It turns out all we needed to get Jon Stewart to return to late-night was have the Republicans nominate Donald Trump as their presidential candidate. (OK, so that was a pretty big ask.) On Thursday night’s episode of The Late Show, Stewart delivered a vintage, scathing retort to Trump followers and Fox News’ political commentators for their support of the real estate mogul.
David Brooks: The Dark Knight
Welcome to a world without rules. (I want you to read this paragraph in your super-scary movie trailer voice.) Welcome to a world in which families are mowed down by illegal immigrants, in which cops die in the streets, in which Muslims rampage the innocents and threaten our very way of life, in which the fear of violent death lurks in every human heart.
Sometimes in that blood-drenched world a dark knight arises. You don’t have to admire or like this knight. But you need this knight. He is your muscle and your voice in a dark, corrupt and malevolent world.
Such has been the argument of nearly every demagogue since the dawn of time. Aaron Burr claimed Spain threatened the U.S in 1806. A. Mitchell Palmer exaggerated the Red Scare in 1919 and Joe McCarthy did it in 1950.
And such was Donald Trump’s law-and-order argument in Cleveland on Thursday night. This was a compelling text that turned into more than an hour of humorless shouting. It was a dystopian message that found an audience and then pummeled them to exhaustion.
Donald Trump’s convention proved it: the old GOP is dead
(Vox) After four days in Cleveland observing the Republican convention, something has become clear: Donald Trump has transformed the values of the Republican Party. Gone are the three pillars of free market economics, social conservatism, and an ambitious foreign policy that have defined the party for decades.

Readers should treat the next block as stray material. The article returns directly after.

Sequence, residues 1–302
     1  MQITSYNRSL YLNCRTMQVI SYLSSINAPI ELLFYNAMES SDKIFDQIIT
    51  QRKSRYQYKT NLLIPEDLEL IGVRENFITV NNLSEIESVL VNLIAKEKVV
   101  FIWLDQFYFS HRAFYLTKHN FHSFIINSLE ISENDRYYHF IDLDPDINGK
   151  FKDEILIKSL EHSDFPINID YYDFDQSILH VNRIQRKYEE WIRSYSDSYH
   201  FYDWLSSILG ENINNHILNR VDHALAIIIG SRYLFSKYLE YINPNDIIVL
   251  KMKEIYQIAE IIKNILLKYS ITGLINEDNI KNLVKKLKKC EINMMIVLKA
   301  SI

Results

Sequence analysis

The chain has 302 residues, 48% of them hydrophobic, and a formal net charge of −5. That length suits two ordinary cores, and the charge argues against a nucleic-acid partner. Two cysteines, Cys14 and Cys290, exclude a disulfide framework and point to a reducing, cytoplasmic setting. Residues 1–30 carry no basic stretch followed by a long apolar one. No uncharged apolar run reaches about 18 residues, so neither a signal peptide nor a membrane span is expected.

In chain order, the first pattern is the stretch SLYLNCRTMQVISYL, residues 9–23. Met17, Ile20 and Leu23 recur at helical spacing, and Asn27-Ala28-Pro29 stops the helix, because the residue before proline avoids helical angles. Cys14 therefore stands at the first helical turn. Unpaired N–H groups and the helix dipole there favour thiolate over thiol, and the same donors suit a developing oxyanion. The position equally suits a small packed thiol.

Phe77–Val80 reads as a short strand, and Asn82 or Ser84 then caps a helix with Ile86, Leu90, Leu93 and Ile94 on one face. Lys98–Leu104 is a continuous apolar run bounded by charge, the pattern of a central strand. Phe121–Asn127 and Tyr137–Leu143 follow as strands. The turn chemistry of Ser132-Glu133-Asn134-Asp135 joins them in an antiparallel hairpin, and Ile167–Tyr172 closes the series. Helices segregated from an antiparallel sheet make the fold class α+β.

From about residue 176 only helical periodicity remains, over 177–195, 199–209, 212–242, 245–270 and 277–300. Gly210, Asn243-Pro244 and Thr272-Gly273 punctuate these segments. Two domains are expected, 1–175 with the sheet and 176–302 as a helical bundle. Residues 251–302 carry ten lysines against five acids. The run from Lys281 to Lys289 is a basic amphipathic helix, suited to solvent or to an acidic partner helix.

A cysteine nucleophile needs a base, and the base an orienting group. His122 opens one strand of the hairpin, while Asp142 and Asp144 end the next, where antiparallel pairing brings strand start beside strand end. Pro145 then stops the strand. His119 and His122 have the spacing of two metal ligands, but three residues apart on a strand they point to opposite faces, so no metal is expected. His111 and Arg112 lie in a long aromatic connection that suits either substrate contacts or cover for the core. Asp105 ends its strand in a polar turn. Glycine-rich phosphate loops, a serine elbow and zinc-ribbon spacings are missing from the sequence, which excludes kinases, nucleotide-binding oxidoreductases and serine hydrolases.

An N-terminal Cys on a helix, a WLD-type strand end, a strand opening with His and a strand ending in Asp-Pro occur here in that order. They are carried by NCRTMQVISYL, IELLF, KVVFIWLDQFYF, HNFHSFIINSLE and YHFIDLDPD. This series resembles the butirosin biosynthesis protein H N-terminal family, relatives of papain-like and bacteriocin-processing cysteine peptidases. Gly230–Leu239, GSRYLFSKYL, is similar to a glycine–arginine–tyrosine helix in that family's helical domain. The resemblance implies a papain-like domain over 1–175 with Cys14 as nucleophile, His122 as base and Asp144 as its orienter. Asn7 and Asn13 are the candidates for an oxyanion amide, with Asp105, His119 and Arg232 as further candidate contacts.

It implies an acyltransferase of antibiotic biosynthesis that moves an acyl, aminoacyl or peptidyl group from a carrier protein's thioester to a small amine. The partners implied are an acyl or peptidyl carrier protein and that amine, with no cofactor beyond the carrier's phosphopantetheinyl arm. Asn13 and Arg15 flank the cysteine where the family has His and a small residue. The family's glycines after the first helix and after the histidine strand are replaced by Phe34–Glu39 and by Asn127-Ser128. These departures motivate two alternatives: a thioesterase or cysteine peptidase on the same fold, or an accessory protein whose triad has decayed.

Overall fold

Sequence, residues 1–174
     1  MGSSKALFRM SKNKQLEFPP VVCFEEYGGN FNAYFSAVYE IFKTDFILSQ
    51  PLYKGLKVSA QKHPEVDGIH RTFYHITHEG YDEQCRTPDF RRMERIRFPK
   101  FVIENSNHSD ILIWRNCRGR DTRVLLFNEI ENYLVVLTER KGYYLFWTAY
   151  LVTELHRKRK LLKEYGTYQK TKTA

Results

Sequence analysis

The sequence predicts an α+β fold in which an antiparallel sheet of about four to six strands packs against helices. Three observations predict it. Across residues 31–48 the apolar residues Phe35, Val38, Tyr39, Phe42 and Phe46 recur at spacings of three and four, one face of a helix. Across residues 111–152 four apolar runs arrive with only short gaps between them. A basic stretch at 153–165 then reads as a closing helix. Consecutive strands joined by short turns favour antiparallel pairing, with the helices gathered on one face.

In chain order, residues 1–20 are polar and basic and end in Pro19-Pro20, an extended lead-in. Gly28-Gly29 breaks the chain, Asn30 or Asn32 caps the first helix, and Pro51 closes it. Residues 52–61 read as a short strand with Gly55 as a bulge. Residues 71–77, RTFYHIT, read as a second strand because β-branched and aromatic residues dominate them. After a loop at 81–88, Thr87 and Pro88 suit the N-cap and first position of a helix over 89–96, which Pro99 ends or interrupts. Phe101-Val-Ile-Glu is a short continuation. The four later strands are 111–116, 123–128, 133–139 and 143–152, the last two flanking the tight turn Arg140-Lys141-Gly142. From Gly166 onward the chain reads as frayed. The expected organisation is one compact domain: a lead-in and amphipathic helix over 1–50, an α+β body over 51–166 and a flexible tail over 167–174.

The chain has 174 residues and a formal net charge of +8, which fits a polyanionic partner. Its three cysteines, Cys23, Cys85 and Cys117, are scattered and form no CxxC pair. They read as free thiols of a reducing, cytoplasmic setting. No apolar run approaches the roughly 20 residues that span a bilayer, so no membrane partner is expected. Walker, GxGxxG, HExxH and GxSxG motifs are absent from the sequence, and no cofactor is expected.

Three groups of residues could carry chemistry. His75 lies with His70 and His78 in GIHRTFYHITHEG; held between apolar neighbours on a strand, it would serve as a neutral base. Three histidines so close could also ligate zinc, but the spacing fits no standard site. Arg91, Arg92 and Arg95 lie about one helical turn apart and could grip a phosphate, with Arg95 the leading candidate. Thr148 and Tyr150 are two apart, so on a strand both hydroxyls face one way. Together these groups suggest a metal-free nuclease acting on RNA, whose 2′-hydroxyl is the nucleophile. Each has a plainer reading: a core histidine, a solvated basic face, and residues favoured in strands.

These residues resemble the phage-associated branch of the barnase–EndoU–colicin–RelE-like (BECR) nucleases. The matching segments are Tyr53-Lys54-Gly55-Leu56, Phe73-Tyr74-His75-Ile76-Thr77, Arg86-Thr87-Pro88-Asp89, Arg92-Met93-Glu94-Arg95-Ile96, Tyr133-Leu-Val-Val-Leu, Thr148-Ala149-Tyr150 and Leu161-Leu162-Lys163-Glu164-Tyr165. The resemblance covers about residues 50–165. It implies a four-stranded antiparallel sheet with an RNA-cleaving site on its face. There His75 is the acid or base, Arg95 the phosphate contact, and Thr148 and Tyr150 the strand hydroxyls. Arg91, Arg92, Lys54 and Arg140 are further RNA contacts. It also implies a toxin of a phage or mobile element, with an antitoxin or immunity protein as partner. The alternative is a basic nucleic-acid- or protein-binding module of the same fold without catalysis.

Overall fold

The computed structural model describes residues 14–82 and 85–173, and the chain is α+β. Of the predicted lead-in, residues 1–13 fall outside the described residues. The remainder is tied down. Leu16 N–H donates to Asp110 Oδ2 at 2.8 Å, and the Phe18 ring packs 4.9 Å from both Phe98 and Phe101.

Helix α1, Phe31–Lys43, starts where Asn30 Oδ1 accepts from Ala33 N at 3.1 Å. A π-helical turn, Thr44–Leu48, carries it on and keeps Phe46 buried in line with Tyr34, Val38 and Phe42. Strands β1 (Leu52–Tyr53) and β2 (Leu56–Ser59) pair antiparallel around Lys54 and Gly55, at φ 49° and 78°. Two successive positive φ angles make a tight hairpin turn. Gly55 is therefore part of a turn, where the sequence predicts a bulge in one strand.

What has taken its place, at least temporarily, is pure anger — anger at immigrants, anger at elites, and, above all, anger at Hillary Clinton. This anger has taken the form of a furious populism, one dominated by rage at out-groups rather than abstract political ideals.
There are very few positive notes in this new Republican Party — other than Donald J. Trump. Trump isn’t just a good candidate for president; he is the solution to all that ails us.
Republican Convention Night 4: Analysis
Times reporters provided live analysis on the last night of the Republican National Convention on Thursday. Here are the highlights and our fact checks.
One thing you look for at conventions is any sign of a candidate moving to the center for the general election. Given Trump’s law-and-order acceptance speech and appearances by Sheriff Joe Arpaio (huge cheers), Jerry Falwell Jr. and Tony Perkins, the answer looks like no.
The problem with this convention, at this point, is that the parts that have been tremendously entertaining have been the parts most damaging for the candidate.
21 July
Donald Trump’s Convention: Day 3
Arguments, provocations and observations from Times Opinion writers.
Best line so far is from Reuters morning brief “The only way that Ted Cruz could have made a more dramatic impression at the Republican National Convention is if his face melted away Raiders Of The Lost Ark-style on the rostrum before the assembled guests.”
Republican Cruz says he’s not Trump’s ‘servile puppy dog’
The conservative senator from Texas stood his ground on Thursday. He refused to say whether he would vote for Trump, who had maligned Cruz’s wife for her physical appearance and had suggested that his father was linked to late President John F. Kennedy’s assassin.
(Bloomberg) As soon as it was clear beyond doubt that Senator Ted Cruz wasn’t going to endorse Donald Trump in his speech at the Republican convention, it was also clear that Cruz’s speech was the only one that was going to be discussed the next day
Convention Boos, Blasts Cruz For Not Endorsing Trump
donald-trump-melania-trumpThree Problems with the Melania Trump Plagiarism Admission